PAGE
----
The first three (Finnikin, Froi, and Quintana), are part of a series called the Lumatere Chronicles. They are right up my alley because they’re fantasy and romance all mixed together. Here’s a blurb for Finnikin from Amazon:
Finnikin, son of the head of the King’s Guard, has been in exile for a decade, after the violent takeover of his birthplace, Lumatere, by a usurper, followed by a curse by a priestess that has effectively shut the kingdom off from the outside world. He meets a mysterious young woman, Evanjalin, who claims that Finnikin’s friend Balthazar, heir to the throne, is alive, and sets in motion a complex and stirring series of events that lead Finnikin to confront his destiny. Evanjalin uses her ability to “walk the sleep” of others, or share in their dreams, as well as her own boldness and sense of purpose, to push events to a climax so that Lumatere can be freed. This novel begins at a slow burn: there are many details to absorb, and the well-drawn maps are a necessity. Then, suddenly, the action turns white-hot and the intricate plot plays out at a pace that keeps readers mesmerized. This is fantasy grounded in a kind of realism seldom seen in the genre.
Froi is one of the more minor characters in Finnikin, but his story is still intertwined with all the main characters in Finnikin. Froi’s story is both tragic and tender, and the book is wonderful. Quintana, the other main character in Froi, is the conclusion to the trilogy (as far as I know), and I truly can’t wait to read it.
Jellicoe Road is an entirely different kind of book — at least on the surface. It’s a contemporary story about high school aged kids that all come together every summer. Here’s a blurb from Amazon:
Abandoned by her mother on Jellicoe Road when she was eleven, Taylor Markham, now seventeen, is finally being confronted with her past. But as the reluctant leader of her boarding school dorm, there isn’t a lot of time for introspection. And while Hannah, the closest adult Taylor has to family, has disappeared, Jonah Griggs is back in town, moody stares and all.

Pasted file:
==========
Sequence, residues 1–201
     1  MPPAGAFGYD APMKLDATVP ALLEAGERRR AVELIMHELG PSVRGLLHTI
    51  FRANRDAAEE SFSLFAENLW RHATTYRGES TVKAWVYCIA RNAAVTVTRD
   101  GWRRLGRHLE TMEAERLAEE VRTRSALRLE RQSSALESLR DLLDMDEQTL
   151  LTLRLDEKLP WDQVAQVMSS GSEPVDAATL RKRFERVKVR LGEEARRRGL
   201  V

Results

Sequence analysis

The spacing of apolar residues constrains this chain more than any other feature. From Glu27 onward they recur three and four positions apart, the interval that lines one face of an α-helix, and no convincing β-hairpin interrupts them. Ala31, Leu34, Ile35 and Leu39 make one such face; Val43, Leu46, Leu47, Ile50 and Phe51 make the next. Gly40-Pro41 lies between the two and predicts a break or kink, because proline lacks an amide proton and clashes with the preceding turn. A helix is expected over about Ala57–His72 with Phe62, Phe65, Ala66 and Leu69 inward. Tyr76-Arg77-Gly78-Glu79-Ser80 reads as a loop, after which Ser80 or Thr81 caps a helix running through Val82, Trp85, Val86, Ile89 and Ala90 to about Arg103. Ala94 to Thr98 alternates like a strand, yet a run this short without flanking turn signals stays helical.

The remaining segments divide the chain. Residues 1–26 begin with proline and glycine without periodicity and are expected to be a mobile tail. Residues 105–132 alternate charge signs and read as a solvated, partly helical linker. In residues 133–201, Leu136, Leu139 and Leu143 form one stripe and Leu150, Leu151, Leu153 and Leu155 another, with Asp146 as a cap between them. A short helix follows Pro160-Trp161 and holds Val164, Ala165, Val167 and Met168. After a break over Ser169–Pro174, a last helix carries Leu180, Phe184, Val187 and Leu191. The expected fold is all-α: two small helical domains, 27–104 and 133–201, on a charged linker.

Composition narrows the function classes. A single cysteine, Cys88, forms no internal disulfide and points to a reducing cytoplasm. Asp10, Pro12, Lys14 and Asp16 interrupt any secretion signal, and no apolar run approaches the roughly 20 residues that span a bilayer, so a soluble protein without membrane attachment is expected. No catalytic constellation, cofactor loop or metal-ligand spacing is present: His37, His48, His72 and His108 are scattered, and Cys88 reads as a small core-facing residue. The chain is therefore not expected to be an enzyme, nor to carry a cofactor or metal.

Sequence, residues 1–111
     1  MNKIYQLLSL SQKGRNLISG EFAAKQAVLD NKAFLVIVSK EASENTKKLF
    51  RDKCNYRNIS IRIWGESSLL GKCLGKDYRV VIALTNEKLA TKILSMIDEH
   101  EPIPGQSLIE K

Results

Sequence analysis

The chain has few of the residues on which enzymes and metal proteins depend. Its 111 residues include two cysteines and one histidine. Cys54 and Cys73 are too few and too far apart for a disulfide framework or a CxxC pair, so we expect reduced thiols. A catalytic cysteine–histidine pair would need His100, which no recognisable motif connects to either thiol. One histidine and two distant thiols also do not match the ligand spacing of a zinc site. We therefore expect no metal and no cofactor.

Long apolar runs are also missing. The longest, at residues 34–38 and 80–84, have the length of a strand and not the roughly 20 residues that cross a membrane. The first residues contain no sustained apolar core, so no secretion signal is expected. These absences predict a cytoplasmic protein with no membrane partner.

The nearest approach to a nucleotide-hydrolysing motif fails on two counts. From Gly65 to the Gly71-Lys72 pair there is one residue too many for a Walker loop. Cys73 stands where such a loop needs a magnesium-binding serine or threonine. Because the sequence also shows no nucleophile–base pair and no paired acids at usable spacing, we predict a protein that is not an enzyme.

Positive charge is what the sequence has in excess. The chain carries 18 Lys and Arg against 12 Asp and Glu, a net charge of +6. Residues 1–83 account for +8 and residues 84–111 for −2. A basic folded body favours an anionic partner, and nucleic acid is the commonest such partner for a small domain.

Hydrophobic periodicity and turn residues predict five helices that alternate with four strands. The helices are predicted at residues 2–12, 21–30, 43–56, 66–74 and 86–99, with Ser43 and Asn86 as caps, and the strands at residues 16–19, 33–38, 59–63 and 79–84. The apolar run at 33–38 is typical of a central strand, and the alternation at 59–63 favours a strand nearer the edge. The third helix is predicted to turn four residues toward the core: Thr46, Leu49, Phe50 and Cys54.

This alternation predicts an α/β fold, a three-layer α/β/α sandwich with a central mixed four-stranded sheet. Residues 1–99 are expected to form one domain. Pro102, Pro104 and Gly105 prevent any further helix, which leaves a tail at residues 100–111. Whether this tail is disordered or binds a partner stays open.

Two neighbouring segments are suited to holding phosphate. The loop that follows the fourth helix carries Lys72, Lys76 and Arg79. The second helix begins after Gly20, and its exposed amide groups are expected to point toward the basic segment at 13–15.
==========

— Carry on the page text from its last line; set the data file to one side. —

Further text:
In this absorbing story by Melina Marchetta, nothing is as it seems and every clue leads to more questions as Taylor tries to work out the connection between her mother dumping her, Hannah finding her then and her sudden departure now, a mysterious stranger who once whispered something in her ear, a boy in her dreams, five kids who lived on Jellicoe Road eighteen years ago, and the maddening and magnetic Jonah Griggs, who knows her better than she thinks he does. If Taylor can put together the pieces of her past, she might just be able to change her future.
Ok, honestly, I’m just impressed they could compress the entire book into those two paragraphs. But in all honesty, this is an incredible book. Emotional and heartbreaking.
Now, I said Jellicoe was a completely different kind of book. And it is, on the outside. But here’s where Marchetta is just brilliant. Her books tell stories of people, of human emotions, and despair. Jellicoe may be more contemporary, and the Lumatere Chronicles more fantastical, but at their heart, they tell stories about people. You will love the characters, cry with them, and ache for them. The next chapter you will want to strangle them, to yell at them what they should do — or shouldn’t do. And you will truly want them to succeed. Sometimes you will understand why they react a certain way, sometimes you won’t. But it’s ok because it’s real. It’s how people are. It’s how we’re made. And that’s why I think Marchetta’s books are so popular. They tell truths. Sometimes hard truths, sometimes hurtful truths, but truths.
So now that my fan girling is over, I do have a few caveats. First, with Jellicoe. I have a number of friends who have given up early. I totally get that. The book is very confusing at first. There are characters from the past and scenes with them, and then there are a group of characters in the present. Sometimes it’s hard to keep them and their histories all straight. I kept having to turn back pages to remember who did what. If I knew someone was picking this book up for the first time, I’d recommend keeping a list of the characters and one thing that will allow you to remember who they are. If I remember right, during the first part of the book, you don’t even necessarily know which group is past and which is present. Just write the names down and then add past or present later. And sort the characters into the two groups they interact in. It will make it a lot easier. But my best advice for this book: perservere!
As for the Lumatere Chronicles, the caveat is for my more conservative readers. Sex is a theme in both of the books I’ve read. It’s not that it’s an erotic book or has sex scenes strewn throughout (I think one in each book without a lot of detail), it’s just that sex is a reality in Marchetta’s world. In Finnikin, it’s a kingdom struggling to go back to their homeland. They’re exiles. They’re lost. They find love where they can. And the love story in the book is truly magnificent. In Froi, it’s even more than that. There, the kingdom of Charyn has been under a curse for 18 years. No child has been born during that time. It has been prophesied that Quintana (a last born) will bear the next king and the father will be another one of the last borns. You can see where that might go. Added to that, in both of the books, there are characters who were raped or “kept” by the king. So you can see how sex is a theme. However, there is nothing too graphic or descriptive. I just wanted you to know going in.
I love all of these books (enough that I have an actual hard copy of them all). I think the stories are amazing, the characters are so real it hurts sometimes, and the love stories are beautiful (and hard and fought for).